While waiting in line at a store the other day, I was forced to listen as two people behind me engaged in a loud conversation. I felt annoyed by the disturbance, but not assaulted by it. Still, it made me think of a close friend of mine. In the same situation, he would have experienced the tense conversation as a sensory and emotional overload, and would have been unable to stay in line. His kind of sensitivity is beautifully addressed in Dr. Judith Orloff’s The Empath’s Survival Guide: Life Strategies for Sensitive People (Sounds True, April, 2017). This meaningful new book explains the nature of being an empath, a kind of sensitivity that affects some 20 percent of the population. It also contains invaluable and practical coping tips for empaths who just want to make it through the day unscathed.
I was drawn to Dr. Orloff’s book precisely because of my good friend. The world is a minefield of potentially difficult interactions for him. As Dr. Orloff explains, empaths not only empathize with other people, they feel what others are feeling. While often gifted with special qualities — intuition, creativity, spiritual connection, and even telepathy — empaths lack the filters others have to block out stimulation. They have no protection against feeling another’s emotional or physical pain. In other words, they’re both blessed and cursed.
Dr. Orloff is an empath herself whose medical practice specializes in treating highly sensitive people. She’s uniquely qualified to provide guidance on how to get by. Much of The Empath’s Survival Guide is devoted to self-protection strategies for defending against sensory exhaustion, from taking daily vitamins and supplements to treat adrenal fatigue, to repeating the mantra, “Return to sender,” when unwillingly absorbing another’s negativity.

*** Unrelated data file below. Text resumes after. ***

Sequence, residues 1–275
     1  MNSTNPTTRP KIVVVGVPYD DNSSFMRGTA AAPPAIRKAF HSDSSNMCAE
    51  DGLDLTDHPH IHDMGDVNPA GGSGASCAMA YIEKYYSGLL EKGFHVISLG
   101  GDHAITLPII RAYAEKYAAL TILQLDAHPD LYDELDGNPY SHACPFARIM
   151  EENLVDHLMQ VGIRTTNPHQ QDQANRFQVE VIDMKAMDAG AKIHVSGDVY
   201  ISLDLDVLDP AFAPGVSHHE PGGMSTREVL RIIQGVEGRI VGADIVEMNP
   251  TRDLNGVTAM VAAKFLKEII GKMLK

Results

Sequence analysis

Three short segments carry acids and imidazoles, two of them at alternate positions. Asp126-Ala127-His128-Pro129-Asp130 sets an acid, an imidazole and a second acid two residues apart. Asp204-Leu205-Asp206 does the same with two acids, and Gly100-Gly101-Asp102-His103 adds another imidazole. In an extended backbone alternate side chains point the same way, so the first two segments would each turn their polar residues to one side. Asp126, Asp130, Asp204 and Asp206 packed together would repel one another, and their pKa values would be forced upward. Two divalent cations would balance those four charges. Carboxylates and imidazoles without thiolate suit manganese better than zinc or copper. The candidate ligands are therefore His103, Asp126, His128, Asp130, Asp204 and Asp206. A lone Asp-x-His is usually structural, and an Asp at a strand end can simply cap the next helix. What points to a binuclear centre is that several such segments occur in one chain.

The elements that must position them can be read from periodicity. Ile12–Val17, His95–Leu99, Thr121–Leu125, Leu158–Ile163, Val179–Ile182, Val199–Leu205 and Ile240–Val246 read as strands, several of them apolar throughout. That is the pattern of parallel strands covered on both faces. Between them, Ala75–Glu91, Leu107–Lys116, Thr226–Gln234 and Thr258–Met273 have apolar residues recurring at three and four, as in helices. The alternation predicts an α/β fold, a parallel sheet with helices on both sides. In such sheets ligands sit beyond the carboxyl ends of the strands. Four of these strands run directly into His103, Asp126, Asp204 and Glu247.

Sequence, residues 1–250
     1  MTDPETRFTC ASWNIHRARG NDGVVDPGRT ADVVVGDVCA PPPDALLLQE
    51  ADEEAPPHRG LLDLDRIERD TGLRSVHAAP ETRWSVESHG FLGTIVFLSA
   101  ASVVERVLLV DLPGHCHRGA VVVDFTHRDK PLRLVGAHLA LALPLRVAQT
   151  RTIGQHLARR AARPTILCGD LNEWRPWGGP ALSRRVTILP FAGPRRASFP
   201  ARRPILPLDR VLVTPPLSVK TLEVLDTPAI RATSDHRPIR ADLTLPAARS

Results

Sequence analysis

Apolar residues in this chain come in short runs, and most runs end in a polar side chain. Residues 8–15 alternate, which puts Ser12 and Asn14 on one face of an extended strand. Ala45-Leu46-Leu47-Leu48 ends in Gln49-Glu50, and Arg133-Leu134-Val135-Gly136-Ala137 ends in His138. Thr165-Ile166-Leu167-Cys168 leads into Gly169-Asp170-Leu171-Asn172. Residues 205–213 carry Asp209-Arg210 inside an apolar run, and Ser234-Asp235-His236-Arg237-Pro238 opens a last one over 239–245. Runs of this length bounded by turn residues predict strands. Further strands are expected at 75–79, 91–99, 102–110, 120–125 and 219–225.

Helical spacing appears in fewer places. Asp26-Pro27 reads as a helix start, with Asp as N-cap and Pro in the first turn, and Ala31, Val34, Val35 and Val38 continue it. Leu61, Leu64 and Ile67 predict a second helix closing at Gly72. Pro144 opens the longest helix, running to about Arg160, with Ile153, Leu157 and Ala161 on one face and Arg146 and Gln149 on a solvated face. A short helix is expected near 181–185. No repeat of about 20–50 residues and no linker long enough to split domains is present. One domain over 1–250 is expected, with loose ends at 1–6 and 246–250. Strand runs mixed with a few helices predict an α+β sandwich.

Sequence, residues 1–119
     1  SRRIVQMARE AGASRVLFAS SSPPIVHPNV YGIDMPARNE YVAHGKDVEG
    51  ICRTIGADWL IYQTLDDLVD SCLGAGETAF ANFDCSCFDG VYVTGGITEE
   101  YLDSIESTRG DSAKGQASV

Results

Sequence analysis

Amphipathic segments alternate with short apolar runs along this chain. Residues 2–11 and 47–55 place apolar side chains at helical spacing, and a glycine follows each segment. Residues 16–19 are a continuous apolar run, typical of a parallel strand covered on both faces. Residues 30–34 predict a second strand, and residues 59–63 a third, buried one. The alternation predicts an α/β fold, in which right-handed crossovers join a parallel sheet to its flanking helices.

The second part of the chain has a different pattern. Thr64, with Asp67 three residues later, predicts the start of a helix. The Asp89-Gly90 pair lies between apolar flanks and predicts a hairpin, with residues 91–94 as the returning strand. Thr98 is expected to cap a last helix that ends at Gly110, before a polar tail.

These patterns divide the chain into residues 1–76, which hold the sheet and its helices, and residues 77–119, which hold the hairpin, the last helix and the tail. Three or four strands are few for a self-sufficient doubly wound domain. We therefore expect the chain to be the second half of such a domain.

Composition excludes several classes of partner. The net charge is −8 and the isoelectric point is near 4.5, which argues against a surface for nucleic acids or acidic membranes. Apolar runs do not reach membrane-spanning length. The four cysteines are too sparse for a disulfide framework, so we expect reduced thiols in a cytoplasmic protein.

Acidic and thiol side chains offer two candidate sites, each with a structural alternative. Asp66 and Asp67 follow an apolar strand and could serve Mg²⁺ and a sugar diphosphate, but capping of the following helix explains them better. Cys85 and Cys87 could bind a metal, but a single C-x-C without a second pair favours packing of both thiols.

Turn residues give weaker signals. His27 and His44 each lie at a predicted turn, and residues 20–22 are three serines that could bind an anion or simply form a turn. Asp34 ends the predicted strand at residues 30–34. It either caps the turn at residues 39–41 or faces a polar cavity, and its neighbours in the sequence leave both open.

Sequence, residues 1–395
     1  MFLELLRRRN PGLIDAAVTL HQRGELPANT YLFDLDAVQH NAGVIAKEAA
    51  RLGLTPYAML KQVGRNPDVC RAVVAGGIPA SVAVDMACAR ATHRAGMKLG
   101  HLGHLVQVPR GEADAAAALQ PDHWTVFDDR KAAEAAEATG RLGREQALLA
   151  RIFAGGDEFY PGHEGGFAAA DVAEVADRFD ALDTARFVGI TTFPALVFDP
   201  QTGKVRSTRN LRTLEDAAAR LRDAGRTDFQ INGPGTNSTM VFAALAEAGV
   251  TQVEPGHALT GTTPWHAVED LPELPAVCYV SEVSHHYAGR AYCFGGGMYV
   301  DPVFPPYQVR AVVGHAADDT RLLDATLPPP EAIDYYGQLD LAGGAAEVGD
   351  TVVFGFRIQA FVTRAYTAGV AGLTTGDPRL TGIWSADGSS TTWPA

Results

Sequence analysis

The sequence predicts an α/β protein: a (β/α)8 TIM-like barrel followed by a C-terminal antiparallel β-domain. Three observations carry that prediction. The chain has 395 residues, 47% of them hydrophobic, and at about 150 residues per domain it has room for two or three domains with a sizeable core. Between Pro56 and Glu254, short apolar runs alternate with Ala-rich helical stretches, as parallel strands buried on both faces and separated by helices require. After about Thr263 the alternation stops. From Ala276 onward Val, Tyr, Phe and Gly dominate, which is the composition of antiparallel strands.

There’s a chapter devoted to empaths entering into romantic relationships: empaths should make sure their partners are sensitive to their need for quiet and alone time. A chapter on empaths and addictions offers solutions on how to stop leaning on alcohol or overeating to help mask the pain (it won’t work). There’s even a chapter for parents raising empathic children, which my good friend may wish his own parents had read.
This is a book that serves many readers, including friends of empaths. I found myself far better equipped after reading it to support and appreciate my friend’s sensitivities. It reinforced my instinct that there’s no use in arguing when he needs to change tables at a restaurant, or is instantly low after riding in the elevator with a stranger in emotional pain. I understand even more acutely the futility of making comments to distract or redirect his focus. Instead, I’ll give him the space to reset, or encourage him to go out into nature.
Sadly, as Dr. Orloff writes, the medical world often misdiagnoses empaths with sensory processing disorder, anxiety or depression, and treats them ineffectively with anti-anxiety medications. Parents of empaths often misunderstand childrens’ sensitivities, and tell them to “buck up.” Teachers may shame their students for overreacting. Such errors in judgment make this book all the more important.
The Empath’s Survival Guide contributes to a better awareness of just what empaths have to go through, and why they have such heightened perceptions. Empaths live among us —they’re our coworkers, neighbors, our family members, our icons. Albert Einstein, Princess Diana and Winona Ryder are on the list, as was Abraham Lincoln. We can learn much from their capacity compassion and mutual understanding — and we can help them better manage this hectic world. After I read this book, I went out and bought a pair of noise-cancelling ear buds for my friend, as advised by Dr. Orloff. I’m sure they’ll be appreciated.
Learn more about Dr. Orloff and her book at her web site.